Corvette oil change

Still a bit cold but nice enough to get the '72 out and was going to change the oil first. My question is do any of you have it tested for contamination during the winter storage? If so I was wondering what
kind of water content shows up? Mine is kept in a warm garage and with a dehumidifier running but I still see moisture form on the other cars not in that section of the garage. Does any of that collect inside the engine block? Remember this car has an open crankcase breathing system, and an open fuel induction (carburetion).
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Dad
05 C6 Silver/Red 6spd Z51
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Its always best to change the oil BEFORE winter storage because used oil is acidic (especially after a seasons use) and is harmful to bearing surfaces , etc.. Ive never had my oil tested when taking the vette out of storage , but, if there is any moisture in the oil, getting the motor good and hot during a long run will boil off whats there. I think its great that you store it in a heated garage with dehumidifier...especially if you can have the heat blown directly on the crankcase. On dry days during the winter, i often go for a 10 mile drive with the 1970 and get her fully warmed up -- I think this helps keep condensation to a minimum inside the motor over long storage. If you want your oil analyzed , Amsoil.com offers a reasonably priced kit that you fill with oil and send in for a written analysis.
Dave 1970 BB 2006 LS2
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Any moisture collected will go away when the engine is warmed up and driven. I'd drive it, get everything completely up to operating temp, then change the oil. What moisture that would be there would be no where near enough to do any harm to anything on the initial drive and warm up.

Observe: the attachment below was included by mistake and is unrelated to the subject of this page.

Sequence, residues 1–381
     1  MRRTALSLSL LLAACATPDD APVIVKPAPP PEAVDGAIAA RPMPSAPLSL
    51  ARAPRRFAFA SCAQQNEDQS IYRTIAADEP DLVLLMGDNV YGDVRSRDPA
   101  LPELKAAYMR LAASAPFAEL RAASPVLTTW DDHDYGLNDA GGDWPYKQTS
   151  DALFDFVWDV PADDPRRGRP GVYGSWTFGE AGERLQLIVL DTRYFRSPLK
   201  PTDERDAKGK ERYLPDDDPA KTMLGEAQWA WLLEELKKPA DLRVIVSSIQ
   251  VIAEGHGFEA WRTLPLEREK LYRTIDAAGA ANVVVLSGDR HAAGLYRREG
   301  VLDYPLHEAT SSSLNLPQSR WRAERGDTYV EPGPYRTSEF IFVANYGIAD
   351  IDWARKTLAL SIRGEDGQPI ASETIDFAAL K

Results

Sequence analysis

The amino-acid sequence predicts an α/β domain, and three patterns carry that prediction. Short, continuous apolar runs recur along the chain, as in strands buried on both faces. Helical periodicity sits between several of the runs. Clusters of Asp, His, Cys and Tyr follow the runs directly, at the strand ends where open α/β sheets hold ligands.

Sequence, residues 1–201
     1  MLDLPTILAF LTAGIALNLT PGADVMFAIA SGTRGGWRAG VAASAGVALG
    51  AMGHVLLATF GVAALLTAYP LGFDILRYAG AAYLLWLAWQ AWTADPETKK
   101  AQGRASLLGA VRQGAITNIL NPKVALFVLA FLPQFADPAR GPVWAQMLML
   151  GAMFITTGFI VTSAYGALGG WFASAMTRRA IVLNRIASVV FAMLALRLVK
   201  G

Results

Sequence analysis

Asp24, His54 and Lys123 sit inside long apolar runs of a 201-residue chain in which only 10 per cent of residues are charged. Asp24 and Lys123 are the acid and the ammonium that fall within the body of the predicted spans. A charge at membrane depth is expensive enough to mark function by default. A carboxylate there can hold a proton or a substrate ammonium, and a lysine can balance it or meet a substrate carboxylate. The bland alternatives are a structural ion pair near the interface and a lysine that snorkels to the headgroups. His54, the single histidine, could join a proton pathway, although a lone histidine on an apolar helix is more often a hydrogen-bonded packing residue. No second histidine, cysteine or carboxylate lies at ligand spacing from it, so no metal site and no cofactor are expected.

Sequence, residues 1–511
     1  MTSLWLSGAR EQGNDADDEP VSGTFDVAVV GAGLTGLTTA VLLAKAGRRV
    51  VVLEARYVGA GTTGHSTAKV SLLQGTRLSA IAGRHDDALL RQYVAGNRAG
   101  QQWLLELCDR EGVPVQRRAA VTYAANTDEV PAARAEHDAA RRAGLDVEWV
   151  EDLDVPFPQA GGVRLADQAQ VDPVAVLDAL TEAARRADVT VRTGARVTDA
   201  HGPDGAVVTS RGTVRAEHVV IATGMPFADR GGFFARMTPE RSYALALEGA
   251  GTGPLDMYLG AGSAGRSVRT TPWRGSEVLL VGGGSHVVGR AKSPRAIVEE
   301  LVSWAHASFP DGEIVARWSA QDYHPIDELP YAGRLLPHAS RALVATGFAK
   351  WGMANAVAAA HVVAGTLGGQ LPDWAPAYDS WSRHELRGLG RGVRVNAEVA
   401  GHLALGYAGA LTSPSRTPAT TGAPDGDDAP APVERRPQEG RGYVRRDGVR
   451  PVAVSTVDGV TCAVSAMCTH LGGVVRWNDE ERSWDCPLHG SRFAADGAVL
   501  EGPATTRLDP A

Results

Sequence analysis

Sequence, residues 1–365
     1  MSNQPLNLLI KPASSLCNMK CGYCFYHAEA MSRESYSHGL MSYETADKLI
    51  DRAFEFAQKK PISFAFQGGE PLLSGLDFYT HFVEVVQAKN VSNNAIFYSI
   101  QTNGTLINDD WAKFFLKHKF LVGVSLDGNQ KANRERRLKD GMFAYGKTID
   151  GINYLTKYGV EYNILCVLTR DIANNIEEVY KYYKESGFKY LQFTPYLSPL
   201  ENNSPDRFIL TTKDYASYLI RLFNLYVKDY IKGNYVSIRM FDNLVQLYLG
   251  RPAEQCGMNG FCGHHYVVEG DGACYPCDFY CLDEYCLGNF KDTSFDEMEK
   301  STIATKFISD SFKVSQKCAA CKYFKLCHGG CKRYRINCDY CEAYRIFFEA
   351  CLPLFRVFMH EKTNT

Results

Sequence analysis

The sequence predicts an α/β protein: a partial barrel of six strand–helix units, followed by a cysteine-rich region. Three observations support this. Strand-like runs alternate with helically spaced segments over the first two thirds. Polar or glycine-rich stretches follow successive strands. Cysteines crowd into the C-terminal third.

If you are a little skittish just pull the distributor and do the drill on the oil pump shaft before the initial fire up. (you can fab up a drill shaft or buy one) but I wouldn't be worried about it really. Just get it up to temp, (block, heads and everything, not just fluids) and then dump the old oil.
Dad wrote:

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Ric Seyler
Online Racing: RicSeyler
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That's how I alway change the oil.

I understand that, my question is still if anyone has ever had an actual test run to see what was in the mix after being idle for a winter? I've heard of some people that change it before they put it away and then again when they get it out. I was just wondering where that paranoia might have come from. It was due an oil change without reguard to the time of year, or how long it sat, just miles.

Quit doing that in the sixties.

I guess I formed my question wrong, I don't want to test it before starting it, I had it out in January. It needs not to be tested while in storage, just wanted to know how much water content may actually get in the oil during that period. I take it from the replies that no one has every had a test run on their oil.
Got the oil change done this morning and tried the 4 barrels a few times. Got many a stare in town when I topped off the tank. Found a bit of salt dust on the back but didn't mind cleaning it up in exchange for a fun drive. Didn't take the roof panels off even though it got to a sweltering 36 degrees.
Dad
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Dad wrote:

Yeah, hot but easy commute this morning--not too much traffic. Many civil servants are taking the week off--4 days charged for 9 continuous days off. Just us taxpayers out there on the concrete! No OAT in the C4 but had to turn the A/C on to MAX for a bunch of miles. Spent 8 years doing ship surveyor work and watched a lot lube oil management in marine and fixed base machinery applications. Have been around aviation oil analysis programs for years as well. Shipboard and fixed based scheme is to not worry about testing for water that will be eliminated by purifying the lube oil. Tests are done for metals found in bearings, pumps, cylinder walls and plating. For water, just run circulate it through a heater and DeLaval lube oil purifier and back to the tank for several hours before rolling the machinery (turbines, diesels, reduction gear etc.) Some aviation pre-oilers have a two stage filter --particulate filter plus a coalescer to remove water.